Credit: © Tomas Vynikal -

Luxembourg's Environment Agency has warned of potential soil pollution following the recent floods.

In addition to causing significant material damage, the recent floods which affected Luxembourg may have been the source of chemical spills (fuel oil, etc.) into the environment. These spills may have caused local and / or diffuse soil pollution. The Environment Agency has offered some recommendations on this subject, in order to provide support for the management of the consequences of this pollution.

According to the agency, diffuse pollution was likely created over all of the flooded areas. These are generally the same pollutants as in the case of local pollution, but are highly diluted, transported to medium and long distances by water and sediments. Pollutants linked to fuel spills are not (or little) assimilated by plants and are generally degraded or immobilised in the soil. It is therefore unlikely that this diffuse pollution could pose a significant risk to the health of residents or to future harvests in vegetable gardens. Regarding the consumption of fruits and vegetables that have been in direct contact with flood water, the public is asked to follow the recommendations of the Ministry of Health.

For people whose land has been affected by flooding, the Environment Agency recommends:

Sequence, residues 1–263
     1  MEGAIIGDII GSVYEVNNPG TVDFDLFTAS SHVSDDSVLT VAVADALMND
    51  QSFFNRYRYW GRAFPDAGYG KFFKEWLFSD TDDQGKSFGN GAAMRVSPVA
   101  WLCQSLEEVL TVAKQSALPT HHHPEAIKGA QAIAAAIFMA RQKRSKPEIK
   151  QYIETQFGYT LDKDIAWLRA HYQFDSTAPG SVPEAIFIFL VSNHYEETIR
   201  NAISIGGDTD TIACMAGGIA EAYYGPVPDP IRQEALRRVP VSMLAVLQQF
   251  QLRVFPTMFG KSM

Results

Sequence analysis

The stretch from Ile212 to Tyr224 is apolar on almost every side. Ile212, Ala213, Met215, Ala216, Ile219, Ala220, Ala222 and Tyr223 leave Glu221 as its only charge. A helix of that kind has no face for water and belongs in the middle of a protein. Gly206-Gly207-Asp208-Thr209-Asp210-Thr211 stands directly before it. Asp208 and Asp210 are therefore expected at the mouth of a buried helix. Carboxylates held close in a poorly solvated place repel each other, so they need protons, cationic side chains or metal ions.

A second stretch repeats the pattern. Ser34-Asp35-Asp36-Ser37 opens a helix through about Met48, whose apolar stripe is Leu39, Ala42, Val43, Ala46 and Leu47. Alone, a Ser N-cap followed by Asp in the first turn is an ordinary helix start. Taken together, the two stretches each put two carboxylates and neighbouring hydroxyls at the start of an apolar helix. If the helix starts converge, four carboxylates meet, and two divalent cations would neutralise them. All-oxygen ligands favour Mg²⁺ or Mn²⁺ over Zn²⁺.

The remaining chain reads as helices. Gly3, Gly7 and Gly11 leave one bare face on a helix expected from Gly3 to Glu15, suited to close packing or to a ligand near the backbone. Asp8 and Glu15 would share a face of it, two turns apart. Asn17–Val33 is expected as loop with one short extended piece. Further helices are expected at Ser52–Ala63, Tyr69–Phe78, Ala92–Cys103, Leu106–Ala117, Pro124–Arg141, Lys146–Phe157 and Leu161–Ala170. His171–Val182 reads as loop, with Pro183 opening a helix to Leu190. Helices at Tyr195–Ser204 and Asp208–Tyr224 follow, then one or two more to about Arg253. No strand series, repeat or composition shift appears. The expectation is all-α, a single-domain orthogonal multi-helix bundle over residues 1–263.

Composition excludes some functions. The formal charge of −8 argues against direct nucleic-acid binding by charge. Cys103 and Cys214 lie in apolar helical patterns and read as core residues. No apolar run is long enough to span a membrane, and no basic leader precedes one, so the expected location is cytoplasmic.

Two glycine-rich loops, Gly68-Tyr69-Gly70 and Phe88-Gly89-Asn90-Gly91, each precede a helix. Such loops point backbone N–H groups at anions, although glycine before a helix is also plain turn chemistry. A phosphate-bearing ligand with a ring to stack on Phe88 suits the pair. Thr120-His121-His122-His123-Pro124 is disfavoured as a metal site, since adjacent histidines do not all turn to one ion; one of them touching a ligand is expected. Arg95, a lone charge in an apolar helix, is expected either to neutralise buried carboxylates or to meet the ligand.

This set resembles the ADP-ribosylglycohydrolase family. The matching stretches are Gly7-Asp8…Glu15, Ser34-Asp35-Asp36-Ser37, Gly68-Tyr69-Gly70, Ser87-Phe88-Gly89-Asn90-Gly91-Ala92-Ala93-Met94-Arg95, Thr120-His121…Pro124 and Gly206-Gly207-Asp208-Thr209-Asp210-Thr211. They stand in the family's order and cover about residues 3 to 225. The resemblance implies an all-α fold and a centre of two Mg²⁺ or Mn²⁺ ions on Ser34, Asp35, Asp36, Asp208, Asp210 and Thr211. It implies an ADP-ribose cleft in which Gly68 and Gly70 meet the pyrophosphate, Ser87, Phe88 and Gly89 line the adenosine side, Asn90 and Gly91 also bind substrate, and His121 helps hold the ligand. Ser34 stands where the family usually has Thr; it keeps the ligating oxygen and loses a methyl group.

• digging up the first 10 cm of the soil to improve soil aeration and thus allow better degradation of certain organic pollutants which may be present in the soil following diffuse pollution;
  • as a precaution, it is recommended to put on gloves when working in the garden and to wash your hands thoroughly afterwards. 
  • in the event that sludge or sediments are to be removed, it is recommended to limit this to the masses which were actually brought in by the flood event. In the case of diffuse pollution, excavation is generally not necessary;
  • before evacuating sludge and sediment, it is recommended to store them and let them dry, where possible;
  • if in doubt about the chemical quality of the sludge or sediment intended to be evacuated, it is recommended to contact an approved organisation in the field of the environment and to have chemical analyses carried out with a view to a suitable evacuation. Approved bodies can generally give advice on the proper management of this waste;
  • a concerted approach with other affected people may be considered in order to minimise the costs associated with the management of sludge and sediment.

In addition to diffuse pollution which has spread over very large areas, local soil pollution (in higher concentrations) may have taken place. If, for example, an oil tank has spilled on land, it may be affected by local soil pollution. In such cases:

In case of doubt, concerned individuals can contact the Environment Agency via email: